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The most important human rights institution in 50 years comes into being on Monday, but its future is far from assured. The US is doing everything it can to undermine the new International Criminal Court. Unless Europe acts decisively, the cause of international justice will be imperiled.

The US is doing everything it can to undermine the new International Criminal Court. Unless Europe acts decisively, the cause of international justice will be imperiled.

The current battleground is at the United Nations. The Bush administration is pressing to exempt UN peacekeepers from the reach of the court. By undermining the court's universality, the exemption would severely damage its credibility.

The move is the latest manifestation of the view in Washington that international justice is only for others, not for Americans. Yet behind this breathtaking arrogance, the US administration is trying to determine how far it can push its allies. It knows that the European Union has adopted a legally binding common position to defend the letter and spirit of the court's treaty. But it hopes that bluster and threats will force European governments to back down.

It is time to draw a line. If Europe forsakes this matter of principle, it will only embolden America's radical right in its belief that the US is above international law. Its demands will only intensify.

The ICC, a permanent tribunal with potentially global reach, is available to prosecute anyone who commits genocide, war crimes or crimes against humanity. Seventy-four governments, including the entire EU, have ratified its treaty.

The US has long feared that Americans might face frivolous or politically motivated prosecutions. In response, many safeguards were placed in the court's treaty. Furthermore, any government can prevent the court from taking a case by investigating and, if appropriate, prosecuting its own alleged war criminals. In short, the rules for a fair tribunal are in place. The task now is to ensure that they are conscientiously applied. That will depend on the quality of the judges and prosecutor, and the culture of the court. Europe will have a key role to play in ensuring that the court adheres to the highest standards of justice.

So might have the US. Even without ratifying the court's treaty, Washington could have offered advice on rules, personnel, procedures and prosecutions. But the Bush administration has chosen not to do so. And now, as the court is activated, it has upped the ante.

It is threatening to withdraw from UN peacekeeping unless the UN Security Council exempts all peacekeepers from the court's reach. The threat is less dire than it appears at first blush because US participation in UN peacekeeping is so small.

As of April 30, the US had only 35 troops and 677 police under the UN flag. Even if Washington were to withhold America's 27 per cent contribution to the peacekeeping budget, Europe would be better off making up the funds than sacrificing the promise of international justice. Washington's share of the budget for the UN mission in Bosnia, for example, comes to only €38m (£24.6m).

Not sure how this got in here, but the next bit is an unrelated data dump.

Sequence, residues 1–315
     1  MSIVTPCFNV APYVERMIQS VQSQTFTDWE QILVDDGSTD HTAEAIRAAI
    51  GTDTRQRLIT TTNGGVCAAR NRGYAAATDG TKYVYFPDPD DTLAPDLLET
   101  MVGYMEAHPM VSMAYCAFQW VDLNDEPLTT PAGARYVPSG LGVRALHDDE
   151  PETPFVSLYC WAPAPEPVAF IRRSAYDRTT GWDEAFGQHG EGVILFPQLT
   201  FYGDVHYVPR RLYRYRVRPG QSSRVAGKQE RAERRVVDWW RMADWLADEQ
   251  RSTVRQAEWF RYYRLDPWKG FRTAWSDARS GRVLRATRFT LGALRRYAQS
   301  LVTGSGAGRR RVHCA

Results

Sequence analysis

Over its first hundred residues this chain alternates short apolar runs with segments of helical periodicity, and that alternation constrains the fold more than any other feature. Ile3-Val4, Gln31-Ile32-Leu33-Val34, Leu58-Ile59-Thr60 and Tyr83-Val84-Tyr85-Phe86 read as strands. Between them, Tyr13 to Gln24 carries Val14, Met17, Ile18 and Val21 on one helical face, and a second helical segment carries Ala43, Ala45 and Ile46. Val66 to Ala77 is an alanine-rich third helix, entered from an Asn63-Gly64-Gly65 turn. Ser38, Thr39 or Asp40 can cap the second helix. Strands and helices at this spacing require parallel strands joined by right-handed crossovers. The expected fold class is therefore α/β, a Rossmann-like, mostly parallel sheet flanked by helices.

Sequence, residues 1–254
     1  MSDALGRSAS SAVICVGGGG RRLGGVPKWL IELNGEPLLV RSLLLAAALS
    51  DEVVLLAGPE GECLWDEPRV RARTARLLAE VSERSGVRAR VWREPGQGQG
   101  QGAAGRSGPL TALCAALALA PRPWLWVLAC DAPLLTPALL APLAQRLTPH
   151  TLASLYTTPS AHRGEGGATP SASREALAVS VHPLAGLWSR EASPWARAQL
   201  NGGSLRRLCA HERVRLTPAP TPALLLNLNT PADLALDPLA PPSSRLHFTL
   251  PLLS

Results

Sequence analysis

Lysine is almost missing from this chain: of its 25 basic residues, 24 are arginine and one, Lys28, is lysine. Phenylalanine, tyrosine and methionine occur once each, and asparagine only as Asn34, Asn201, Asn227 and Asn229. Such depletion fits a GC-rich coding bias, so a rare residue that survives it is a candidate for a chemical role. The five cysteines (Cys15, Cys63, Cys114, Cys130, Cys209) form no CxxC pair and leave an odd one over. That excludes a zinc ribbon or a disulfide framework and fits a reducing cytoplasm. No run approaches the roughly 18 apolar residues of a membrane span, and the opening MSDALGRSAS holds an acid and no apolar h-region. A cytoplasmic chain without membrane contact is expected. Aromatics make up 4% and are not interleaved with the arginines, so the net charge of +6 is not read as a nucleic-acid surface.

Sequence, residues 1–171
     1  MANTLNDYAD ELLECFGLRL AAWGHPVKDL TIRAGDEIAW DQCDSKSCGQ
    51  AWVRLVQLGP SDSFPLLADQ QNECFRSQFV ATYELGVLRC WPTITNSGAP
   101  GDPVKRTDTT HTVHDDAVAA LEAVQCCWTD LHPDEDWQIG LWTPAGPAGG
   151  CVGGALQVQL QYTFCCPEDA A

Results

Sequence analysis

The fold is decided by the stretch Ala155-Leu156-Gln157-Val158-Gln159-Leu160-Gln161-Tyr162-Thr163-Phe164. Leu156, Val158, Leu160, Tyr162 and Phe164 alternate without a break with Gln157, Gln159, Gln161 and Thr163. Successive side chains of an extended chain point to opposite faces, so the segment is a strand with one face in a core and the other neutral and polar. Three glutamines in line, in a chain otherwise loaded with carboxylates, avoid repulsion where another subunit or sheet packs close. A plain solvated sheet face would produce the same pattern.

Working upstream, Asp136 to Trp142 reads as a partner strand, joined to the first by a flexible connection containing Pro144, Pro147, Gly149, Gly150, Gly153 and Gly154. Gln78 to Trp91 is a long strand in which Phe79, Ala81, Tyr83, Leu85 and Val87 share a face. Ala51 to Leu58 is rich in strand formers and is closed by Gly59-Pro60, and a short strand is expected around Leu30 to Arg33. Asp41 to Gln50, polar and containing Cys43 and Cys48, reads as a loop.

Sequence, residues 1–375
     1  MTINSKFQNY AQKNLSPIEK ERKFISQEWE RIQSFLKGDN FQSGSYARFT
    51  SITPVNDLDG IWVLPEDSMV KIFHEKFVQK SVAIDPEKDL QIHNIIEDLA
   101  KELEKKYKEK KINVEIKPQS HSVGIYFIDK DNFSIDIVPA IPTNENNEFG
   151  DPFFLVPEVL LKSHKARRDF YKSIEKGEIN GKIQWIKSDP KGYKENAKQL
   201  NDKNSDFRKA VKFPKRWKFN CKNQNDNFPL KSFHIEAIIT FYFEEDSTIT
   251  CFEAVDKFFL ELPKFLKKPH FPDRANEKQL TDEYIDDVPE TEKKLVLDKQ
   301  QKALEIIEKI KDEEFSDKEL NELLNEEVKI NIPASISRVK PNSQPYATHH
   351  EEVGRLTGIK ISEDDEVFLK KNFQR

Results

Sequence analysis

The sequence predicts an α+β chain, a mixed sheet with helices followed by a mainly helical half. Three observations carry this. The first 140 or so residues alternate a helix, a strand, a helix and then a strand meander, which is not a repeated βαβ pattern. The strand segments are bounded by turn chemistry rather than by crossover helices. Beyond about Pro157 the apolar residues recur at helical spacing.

Washington would be very short-sighted to continue to undermine peacekeeping in Bosnia or elsewhere when it depends on peacekeeping help in Afghanistan. Its bluff can be called.

Washington says it would never deploy US troops where they would be subject to an international tribunal. But for the past seven years, US troops in Bosnia and Kosovo have been subject to the jurisdiction of the Yugoslav war crimes tribunal. So were US bombers over Bosnia in 1995 and Serbia and Kosovo in 1999. The crisis over the International Criminal Court is a manufactured one.

The administration also accuses European governments of hypocrisy because in Afghanistan they entered into a standard peacekeeping agreement governing troops charged with criminal activity. The agreement requires Afghanistan to send these troops back to their home country for prosecution, not to an international tribunal. But that requirement is consistent with the ICC's preference for national prosecution. It does not negate the court's power to scrutinise domestic prosecutions and to seize control if they are a sham.

The real reason behind Washington's blackmail is the most troubling. An increasingly influential faction in the Bush administration believes that US military and economic power is so dominant that the US is no longer served by international law.

Better to negotiate issues case-by-case from a position of strength, they contend, than to be bound by international law in ways that might prove inconvenient. This attitude can be seen in the US rejection of not only the ICC but also treaties ranging from climate control to small arms.

No effective global system can rest solely on coercion. Global order depends on most governments abiding voluntarily by shared norms. Exempting America from the rule of law undermines those norms, leaving a more violent and inhumane world. Europe must stand up to this superpower folly.

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